Because here’s the thing: creativity is so essential to your well-being.  Or expression, or whatever it is that’s inside of you that you need to get out.  Activism, starting a business, going for your dream job… things that live inside of you that you are afraid of… there is a part of you that deeply needs you to simply do these things, whether you succeed or fail.

And so if you know that the voice saying, “You’re a failure,” will say it no matter what, you can now go for it.  And you’ll be fulfilling a part of yourself that is like water, air, food… it’s what makes you alive, what makes you you.  It’s what makes your life worth living.

Sure, the voice will start to attack you for it.  But who cares?  It’s gonna say that no matter what.  You might as well breathe in the meantime.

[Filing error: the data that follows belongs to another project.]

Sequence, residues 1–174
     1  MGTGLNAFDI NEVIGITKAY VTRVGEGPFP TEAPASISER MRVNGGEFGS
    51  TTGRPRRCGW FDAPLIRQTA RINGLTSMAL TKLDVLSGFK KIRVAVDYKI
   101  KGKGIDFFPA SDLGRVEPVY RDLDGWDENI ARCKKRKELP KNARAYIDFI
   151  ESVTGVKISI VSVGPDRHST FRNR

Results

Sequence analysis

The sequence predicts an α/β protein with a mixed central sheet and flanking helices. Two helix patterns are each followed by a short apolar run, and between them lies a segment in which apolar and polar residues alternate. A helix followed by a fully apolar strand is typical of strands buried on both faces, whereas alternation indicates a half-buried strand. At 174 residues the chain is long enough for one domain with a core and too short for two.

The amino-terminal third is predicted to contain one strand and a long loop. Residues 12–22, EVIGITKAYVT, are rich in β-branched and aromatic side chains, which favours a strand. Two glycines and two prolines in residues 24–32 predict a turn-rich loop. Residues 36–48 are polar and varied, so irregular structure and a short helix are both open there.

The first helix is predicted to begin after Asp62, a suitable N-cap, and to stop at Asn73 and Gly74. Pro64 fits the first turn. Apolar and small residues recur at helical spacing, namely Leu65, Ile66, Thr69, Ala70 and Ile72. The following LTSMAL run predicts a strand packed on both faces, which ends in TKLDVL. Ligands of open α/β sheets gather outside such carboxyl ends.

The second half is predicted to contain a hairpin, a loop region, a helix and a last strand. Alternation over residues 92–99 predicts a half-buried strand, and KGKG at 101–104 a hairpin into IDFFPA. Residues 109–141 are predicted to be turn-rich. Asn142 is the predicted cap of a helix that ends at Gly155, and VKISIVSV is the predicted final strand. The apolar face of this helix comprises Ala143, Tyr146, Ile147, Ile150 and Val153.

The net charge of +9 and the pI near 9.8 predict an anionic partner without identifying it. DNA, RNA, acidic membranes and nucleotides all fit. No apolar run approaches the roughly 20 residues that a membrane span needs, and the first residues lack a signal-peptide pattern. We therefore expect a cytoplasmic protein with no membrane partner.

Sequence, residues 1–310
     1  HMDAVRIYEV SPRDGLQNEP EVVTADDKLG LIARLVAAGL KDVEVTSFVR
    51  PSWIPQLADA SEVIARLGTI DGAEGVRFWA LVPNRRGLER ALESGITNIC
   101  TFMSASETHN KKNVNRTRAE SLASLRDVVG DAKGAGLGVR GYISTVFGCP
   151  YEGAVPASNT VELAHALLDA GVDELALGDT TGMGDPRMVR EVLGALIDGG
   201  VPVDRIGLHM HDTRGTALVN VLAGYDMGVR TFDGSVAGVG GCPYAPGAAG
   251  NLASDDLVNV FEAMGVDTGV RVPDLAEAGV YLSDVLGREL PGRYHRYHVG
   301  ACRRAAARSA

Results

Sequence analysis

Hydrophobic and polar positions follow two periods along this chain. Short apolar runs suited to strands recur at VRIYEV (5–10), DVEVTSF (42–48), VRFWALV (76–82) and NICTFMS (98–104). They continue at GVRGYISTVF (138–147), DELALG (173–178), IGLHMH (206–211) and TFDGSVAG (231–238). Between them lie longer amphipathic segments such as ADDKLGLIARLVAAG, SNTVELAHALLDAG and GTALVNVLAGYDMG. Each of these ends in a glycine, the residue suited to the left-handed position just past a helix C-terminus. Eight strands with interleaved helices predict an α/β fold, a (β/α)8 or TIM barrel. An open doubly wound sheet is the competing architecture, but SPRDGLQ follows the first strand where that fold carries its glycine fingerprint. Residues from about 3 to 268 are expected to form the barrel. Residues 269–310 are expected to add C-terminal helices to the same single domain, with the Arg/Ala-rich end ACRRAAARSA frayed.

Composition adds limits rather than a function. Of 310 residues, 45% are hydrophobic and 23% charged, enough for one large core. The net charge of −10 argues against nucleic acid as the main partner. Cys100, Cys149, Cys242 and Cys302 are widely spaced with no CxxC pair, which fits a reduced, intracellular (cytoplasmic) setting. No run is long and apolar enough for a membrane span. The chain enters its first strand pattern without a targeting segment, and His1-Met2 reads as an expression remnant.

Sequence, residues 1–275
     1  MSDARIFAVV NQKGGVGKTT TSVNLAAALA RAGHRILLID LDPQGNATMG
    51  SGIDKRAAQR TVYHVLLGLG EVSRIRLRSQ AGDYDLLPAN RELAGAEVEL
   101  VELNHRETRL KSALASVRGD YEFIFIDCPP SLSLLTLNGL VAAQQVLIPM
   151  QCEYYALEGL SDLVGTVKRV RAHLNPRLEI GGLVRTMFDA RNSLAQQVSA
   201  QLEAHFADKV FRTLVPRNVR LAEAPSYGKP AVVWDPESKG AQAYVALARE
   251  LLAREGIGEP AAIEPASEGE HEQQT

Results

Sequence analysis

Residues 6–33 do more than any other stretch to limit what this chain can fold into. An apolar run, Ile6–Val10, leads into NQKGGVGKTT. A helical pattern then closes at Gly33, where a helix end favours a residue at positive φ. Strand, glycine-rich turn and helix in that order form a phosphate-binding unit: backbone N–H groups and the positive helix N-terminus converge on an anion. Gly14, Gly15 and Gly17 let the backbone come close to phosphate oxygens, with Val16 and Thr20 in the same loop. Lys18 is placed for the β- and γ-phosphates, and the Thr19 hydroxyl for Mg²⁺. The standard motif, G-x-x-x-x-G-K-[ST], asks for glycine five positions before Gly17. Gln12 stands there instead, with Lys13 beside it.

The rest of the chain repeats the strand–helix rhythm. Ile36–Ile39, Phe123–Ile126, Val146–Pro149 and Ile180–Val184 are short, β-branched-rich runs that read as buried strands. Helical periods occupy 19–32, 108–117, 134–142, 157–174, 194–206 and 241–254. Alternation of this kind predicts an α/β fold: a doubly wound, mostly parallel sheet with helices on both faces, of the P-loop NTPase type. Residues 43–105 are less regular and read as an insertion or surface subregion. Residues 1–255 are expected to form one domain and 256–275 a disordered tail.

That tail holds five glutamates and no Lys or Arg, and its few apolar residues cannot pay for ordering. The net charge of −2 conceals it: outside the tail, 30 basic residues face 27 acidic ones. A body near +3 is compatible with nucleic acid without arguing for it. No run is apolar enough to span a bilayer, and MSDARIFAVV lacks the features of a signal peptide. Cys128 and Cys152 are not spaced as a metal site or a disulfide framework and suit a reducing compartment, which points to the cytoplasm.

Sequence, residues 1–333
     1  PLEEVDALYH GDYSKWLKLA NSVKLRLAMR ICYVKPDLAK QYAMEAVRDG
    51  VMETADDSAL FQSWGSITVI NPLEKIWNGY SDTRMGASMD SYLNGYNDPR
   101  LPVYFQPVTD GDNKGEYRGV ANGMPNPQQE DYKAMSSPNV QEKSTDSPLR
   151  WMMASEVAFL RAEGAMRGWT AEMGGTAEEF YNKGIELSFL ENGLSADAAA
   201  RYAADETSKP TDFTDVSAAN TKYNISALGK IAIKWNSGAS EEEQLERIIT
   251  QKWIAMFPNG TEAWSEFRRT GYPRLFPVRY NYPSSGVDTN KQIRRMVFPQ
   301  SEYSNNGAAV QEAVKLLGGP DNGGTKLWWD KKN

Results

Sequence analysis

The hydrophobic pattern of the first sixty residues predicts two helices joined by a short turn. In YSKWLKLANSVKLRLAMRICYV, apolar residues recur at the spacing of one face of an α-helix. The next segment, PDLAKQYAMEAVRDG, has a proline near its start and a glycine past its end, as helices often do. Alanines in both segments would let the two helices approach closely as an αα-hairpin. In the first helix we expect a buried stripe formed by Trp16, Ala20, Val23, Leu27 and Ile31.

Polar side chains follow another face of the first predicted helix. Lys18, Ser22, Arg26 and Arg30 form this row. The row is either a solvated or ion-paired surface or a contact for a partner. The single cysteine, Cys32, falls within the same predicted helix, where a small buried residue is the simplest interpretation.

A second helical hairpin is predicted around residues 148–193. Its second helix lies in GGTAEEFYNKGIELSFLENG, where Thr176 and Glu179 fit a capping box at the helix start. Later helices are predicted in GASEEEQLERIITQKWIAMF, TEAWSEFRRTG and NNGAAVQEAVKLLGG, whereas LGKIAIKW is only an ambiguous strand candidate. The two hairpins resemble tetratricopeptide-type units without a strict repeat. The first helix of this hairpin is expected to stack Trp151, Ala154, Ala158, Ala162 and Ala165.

Of course, that’s easier said than done.  Because it’s horrible to have that voice inside of you, and so we obviously shouldn’t sit back and allow it to keep abusing us.

But now we have the solution.  Because before we thought that it was success or failure that determined whether it came out.  We thought that the outer world played a part in its attacking us.  Now we know the reality: the voice doesn’t get quieted by “proving it wrong”.  It doesn’t shut up once we finally reach some imaginary level of success since it will never be satisfied with the amount of success we’ve achieved.

No, the way to address it is the complete opposite of what we think it is (and what it’s been trying to convince us): not through the physical world, but through our inner reality.